Kino's new assignment to restart missions in Baja California revoked after Spanish civilian and military officials petition Kino's superiors to have him remain in Pimería Alta to maintain peace.
6 Oct 1697
Meets with Native leaders at Dolores and travels with them more than 100 miles to Baserac to request more missionaries from Kino's Jesuit superior.
10 Oct 1697
Father Salvatierra restarts Kino's Baja California missionary efforts at Loreto near site of San Bruno without assistance from Spanish King. Jesuits are granted secular governmental authority. Contributions by Kino's missions in Sonora and by donors to the Pious Fund maintain Salvatierra.
Nov. to Dec. 1697
Third Northern Exploration. Explores all of the San Pedro River to its junction with Gila near present day Winkelman and follows Gila to Casa Grande Ruins. Returns by Santa Cruz River. Kino brings about peace settlement between two Sobaípuri leaders near Arivaipa.
25 Feb. 1698
Apaches and their allies attack and destroy the mission at Cocóspera.
30 Mar. 1698
Sobaípuris led by Chief Coro defeat Apaches and their allies who attack village near Quiburi and present day ghost town of Fairbank. Kino continues to make series of visits to Sobaípuri villages in the upper San Pedro and Santa Cruz river valleys.
22 Sep. 1698
Fourth Northern Exploration. Travels to Gila River near Casa Grande and treks southwest over the desert lands of the O'odham (Desert Pima) to the Pinacate volcanic field immediately north of present day Puerto Penasco. From Pinacate Peak Kino believes he sees the head of the Gulf of California.
7 Feb. 1699
First Colorado River Exploration. Travels the desolate Camino del Diablo ("Devil's Highway”) and ends the exploration just short of the Gila River's junction with the Colorado River. Manje sees the junction from a mountain peak. Returns by visiting villages on the Gila River and Santa Cruz Rivers. Kino's Colorado River Explorations occur from 1699 to 1701.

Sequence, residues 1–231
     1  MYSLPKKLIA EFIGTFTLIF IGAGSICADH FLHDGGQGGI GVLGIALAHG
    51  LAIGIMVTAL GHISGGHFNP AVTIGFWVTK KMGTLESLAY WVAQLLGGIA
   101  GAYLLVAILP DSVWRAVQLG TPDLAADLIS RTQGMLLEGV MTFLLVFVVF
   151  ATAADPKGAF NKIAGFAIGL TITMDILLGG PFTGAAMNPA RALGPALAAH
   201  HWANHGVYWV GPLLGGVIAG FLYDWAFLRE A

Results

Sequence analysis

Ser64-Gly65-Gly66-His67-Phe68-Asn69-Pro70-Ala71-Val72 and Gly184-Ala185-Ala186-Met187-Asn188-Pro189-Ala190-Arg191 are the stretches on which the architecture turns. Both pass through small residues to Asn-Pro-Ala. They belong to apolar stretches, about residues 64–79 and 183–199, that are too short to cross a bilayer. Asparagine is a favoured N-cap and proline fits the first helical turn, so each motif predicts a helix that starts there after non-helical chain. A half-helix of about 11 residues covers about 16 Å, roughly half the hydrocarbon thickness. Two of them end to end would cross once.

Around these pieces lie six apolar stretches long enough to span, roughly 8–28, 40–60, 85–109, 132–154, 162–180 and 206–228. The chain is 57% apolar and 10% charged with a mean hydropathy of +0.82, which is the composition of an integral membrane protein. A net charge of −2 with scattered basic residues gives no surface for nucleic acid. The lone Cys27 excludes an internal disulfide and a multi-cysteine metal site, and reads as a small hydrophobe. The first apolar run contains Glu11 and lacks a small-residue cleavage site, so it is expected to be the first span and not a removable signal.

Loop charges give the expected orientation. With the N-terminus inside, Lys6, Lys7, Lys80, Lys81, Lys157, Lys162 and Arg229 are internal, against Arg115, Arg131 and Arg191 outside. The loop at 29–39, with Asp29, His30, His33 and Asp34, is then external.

20 Mar. 1700
Receives a gift of a wooden cross strung with 20 blue abalone shells delivered at Remedios from the Cocomaricopas living on the Gila River just east of its junction with the Colorado River.
Apr. to May 1700
Halts planned trip to Colorado River at Bac. Begins construction of the first church of Mission San Xavier del Bac. Calls "Blue Shell Conference” and the Native leaders living throughout Pimería Alta meet at Bac and confirm that a land passage to California is possible based on the overland trade of blue abalone shells. On return trip Kino rides 75 miles in less than 24 hours to San Ignacio to save Native man from execution. Back at Dolores, Kino splits herd and sends 700 head of cattle to Bac. His Jesuit superiors grant Kino permission to move his mission headquarters from Dolores to Bac but his replacement at Dolores never arrives.
Second Colorado River Exploration. Travels via Camino del Diablo and meets Native peoples living on the Lower Colorado River near present day Yuma. From a mountain peak looks south and sees the Colorado Delta and the head of the Gulf of California.
War of Spanish Succession begins in Europe. Spanish King diverts funds for additional missionaries to pay for war against powers who oppose the unification of France and Spain under the Bourbon kings.
Kino draws his map "Passo por Tierra" showing land passage to California.
Third Colorado River Exploration. Unsuccessful attempt to reach Colorado River delta by traveling in the Gran Desierto along waterless Gulf coast. Kino and Salvatierra climb Pinacate Peak and see clearly the head of the Gulf of California.
3 Nov. 1701
Fourth Colorado River Exploration. Travels via Camino del Diablo and crosses Colorado River on a raft to present day state of California. Kino urges that peace be made among the waring Yuma, Quíquima, Cugane, Hogiopa (Cocopah) and Pima tribes. Kino organizes food relief from the Quíquimas to the needy Yumas whose crops had failed.
11 Mar. 1702
Fifth Colorado River Exploration. Travels south of Colorado River delta into northern most Baja California. Sees sun rising over Gulf of California toward the mainland of Mexico - proof that California is not an island and that a land passage exists. Fellow explorer Father Manuel González dies on return trip.
1703 - 1711
Jesuit superiors do not grant Kino permission to make further explorations to the Colorado River. Kino builds churches at missions in present day Sonora. Native people from present day Arizona especially from the village of Bac travel into Sonora to help Kino.
Consecrates newly built churches at Cocóspera and Remedios.
2 Apr. 1704
Opens shorter cattle trail to Guaymas - new supply port for Salvatierra's missions in Baja California.
Jan. to Mar. 1705
The lieutenant commander from Fronteras coerces 90 villagers to leave Dolores, angers Native leaders and spreads false rumor among Spanish officials about possible Pima rebellion. Kino prevents violent Spanish military reaction to rumors. The "indiscreet lieutenant" is later dismissed.
21 Jan. 1706
Discovers Tiburon Island is not attached to mainland. Kino advocates for a shorter sea route to Baja California by the Gulf islands near Kino Bay. Restarts construction of ship in the desert near Caborca.